A relationship with God is like a marriage. It’s a coming together of two people, often different in ideas, orientation and background who see a future together. It’s trust, compromise and commitment. It’s also the good and the bad, the disagreements, fights and arguments. And making up, forgiving and continuous loving. That’s marriage and that’s our relationship with God. For when we hear or read the words “for better, for worse, for richer, for poorer, in sickness and in health” it couldn’t be more true. For even in the after life this relationship still endures.
That is the ideal.
In reality it couldn’t be further from the truth. Primarily because keeping to the terms of this relationship is not easy, it has never been. We see this as a recurrent theme in the Old Testament, with the Israelites who were described over and again as the adulterous bride of God.
Much in the same way that human marriages break down where love, commitment and fidelity have been eroded, many man – God marriages are broken. We are merely two very different ships, passing through and bound by nothing but space, proximity and in some cases societal pressure.
Of the different reasons often given for the breakdown of marriages and relationships, one that is common is lack of commitment. Irrespective of whether its both parties or just one person that lacks commitment, it has the capacity to destroy any relationship and can destroy a marriage. Well, what then is commitment? For we utter words that allude to the making of a commitment when we say our marriage vows, but commitment goes a bit further than the articulation of pleasant sounding promises. It’s a state or quality of being dedicated to something or someone.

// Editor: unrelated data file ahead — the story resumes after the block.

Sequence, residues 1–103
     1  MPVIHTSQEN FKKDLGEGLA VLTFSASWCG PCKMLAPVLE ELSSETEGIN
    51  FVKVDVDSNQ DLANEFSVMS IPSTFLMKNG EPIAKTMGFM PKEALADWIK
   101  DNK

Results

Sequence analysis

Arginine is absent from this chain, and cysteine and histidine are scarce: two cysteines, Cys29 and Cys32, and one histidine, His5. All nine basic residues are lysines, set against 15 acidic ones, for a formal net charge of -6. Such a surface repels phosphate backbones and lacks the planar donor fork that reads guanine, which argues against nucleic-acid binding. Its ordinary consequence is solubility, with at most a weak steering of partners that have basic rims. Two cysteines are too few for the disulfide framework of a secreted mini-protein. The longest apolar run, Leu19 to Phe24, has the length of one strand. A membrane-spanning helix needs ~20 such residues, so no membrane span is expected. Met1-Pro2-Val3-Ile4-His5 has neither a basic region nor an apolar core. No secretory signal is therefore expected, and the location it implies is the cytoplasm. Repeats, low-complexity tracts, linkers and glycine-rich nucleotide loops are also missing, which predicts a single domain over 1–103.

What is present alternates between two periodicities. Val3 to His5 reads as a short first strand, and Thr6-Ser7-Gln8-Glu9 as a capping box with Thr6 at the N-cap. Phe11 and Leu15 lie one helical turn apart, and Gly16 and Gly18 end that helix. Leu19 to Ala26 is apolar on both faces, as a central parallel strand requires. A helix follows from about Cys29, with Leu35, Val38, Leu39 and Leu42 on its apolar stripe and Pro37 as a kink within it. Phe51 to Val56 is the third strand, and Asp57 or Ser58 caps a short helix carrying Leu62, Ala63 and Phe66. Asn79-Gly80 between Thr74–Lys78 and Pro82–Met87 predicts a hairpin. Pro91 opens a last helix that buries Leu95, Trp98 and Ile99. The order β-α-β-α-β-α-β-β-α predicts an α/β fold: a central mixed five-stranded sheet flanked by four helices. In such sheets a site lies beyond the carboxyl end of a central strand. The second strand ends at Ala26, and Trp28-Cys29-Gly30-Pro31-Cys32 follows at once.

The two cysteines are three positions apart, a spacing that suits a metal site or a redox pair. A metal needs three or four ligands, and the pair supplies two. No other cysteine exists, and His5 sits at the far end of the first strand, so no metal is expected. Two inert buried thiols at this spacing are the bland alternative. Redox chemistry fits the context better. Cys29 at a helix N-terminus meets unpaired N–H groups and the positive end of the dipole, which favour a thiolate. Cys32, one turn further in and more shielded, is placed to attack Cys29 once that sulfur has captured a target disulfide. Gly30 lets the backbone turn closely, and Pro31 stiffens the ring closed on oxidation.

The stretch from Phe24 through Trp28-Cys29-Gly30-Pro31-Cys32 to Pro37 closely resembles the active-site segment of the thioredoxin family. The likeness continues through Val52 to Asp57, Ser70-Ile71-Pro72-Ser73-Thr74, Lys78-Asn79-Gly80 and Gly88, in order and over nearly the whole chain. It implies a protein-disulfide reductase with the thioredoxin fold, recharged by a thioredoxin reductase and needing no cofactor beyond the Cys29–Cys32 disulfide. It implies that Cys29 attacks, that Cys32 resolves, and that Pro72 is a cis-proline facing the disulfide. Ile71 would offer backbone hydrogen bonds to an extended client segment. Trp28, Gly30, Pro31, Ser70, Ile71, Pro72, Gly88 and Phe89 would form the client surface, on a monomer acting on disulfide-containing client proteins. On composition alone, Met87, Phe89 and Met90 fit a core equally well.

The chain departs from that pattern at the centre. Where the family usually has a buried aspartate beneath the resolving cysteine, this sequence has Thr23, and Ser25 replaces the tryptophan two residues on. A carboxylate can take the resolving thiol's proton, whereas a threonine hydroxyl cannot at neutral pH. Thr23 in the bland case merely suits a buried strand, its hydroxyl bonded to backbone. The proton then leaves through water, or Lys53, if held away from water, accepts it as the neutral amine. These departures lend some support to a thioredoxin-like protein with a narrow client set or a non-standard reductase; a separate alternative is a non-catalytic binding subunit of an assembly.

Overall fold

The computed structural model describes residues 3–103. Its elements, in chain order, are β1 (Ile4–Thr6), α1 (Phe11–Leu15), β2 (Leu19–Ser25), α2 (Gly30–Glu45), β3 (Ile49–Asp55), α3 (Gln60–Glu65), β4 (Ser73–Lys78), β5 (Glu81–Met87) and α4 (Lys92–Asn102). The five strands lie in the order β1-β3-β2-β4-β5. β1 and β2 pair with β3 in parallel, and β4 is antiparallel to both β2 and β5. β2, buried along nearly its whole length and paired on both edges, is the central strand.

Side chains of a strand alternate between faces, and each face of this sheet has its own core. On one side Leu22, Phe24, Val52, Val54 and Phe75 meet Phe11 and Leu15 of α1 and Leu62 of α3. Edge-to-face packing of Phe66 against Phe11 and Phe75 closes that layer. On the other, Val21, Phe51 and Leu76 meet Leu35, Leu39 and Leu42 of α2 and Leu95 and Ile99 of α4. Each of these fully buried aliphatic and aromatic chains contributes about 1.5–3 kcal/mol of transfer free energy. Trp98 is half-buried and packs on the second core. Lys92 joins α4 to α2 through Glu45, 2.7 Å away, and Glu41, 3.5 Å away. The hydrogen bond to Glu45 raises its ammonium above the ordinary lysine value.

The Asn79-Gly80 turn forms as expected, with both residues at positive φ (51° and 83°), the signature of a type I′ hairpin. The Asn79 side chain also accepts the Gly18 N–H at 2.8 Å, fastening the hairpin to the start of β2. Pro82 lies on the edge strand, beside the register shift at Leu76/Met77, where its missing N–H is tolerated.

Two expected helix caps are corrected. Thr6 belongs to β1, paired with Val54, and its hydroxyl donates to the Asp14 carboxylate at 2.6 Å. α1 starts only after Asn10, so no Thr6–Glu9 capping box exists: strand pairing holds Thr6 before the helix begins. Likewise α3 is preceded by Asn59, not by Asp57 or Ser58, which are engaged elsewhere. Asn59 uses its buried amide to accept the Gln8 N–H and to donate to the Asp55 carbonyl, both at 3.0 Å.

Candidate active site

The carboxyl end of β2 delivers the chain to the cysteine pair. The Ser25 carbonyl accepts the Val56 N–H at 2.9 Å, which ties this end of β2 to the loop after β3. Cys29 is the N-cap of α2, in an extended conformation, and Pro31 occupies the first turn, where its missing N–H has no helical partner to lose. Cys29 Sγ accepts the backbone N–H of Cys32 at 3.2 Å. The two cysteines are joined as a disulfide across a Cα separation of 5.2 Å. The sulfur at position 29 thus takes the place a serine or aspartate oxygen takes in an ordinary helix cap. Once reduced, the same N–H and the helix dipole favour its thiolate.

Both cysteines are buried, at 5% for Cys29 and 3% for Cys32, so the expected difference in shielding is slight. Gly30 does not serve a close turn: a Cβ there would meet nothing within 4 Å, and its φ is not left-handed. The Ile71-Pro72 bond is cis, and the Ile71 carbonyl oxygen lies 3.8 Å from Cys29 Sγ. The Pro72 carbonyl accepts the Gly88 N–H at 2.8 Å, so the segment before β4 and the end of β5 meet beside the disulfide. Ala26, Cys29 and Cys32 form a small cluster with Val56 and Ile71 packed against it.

Much in the same way that human marriages break down where love, commitment and fidelity have been eroded, many man – God marriages are broken.
This is perhaps the most important quality in any relationship because many other issues, ranging from financial difficulty, lack of trust or communication to abuse in its numerous forms, can be dealt with if both parties in the relationship are committed to making the other happy and to making their relationship work. If each one is committed and decides to put aside their preferences, wants and needs in order to meet the needs of the other, the relationship stands a chance. That’s how powerful commitment can be in a human marriage and that’s how powerful it can be with the divine.
Other words synonymous with commitment are dedication, devotion, loyalty, faithfulness, fidelity and allegiance and it must follow that when people are committed to a partner and to a relationship, they will do all they can to preserve, honour and sustain it or them. Interestingly, these adjectives are often used in the Bible to describe the type of relationship God wants with his people. The lack of which is portrayed as infidelity and unfaithfulness to God – a malaise that plagued Israelites then, just as much as it plagues Christians now.
Unfortunately, this relationship with God, though it mirrors the human marriage is not quite as popular or successful. I know we read about this relationship in the bible and we hear about it from the pulpit but when it comes to living it out in our daily lives, we fall short. For some reason, we limit our relationship with God to specific days of the week or times in the day. We are married to him at church, during prayer times or when we are congregated at church related events. Sometimes we take it a step further and remember our relationship with him during religious arguments or discussions. But that’s about it folks. And that’s what causes us problems in our relationship with God.
We limit our relationship with God to specific days of the week or times in the day.
A man and a woman who get married, live together, share a home, share children, share ideas, dreams and goals. They love each other and try to show it, they work at romance and communication and trust. They support each other and work at remaining faithful to each other.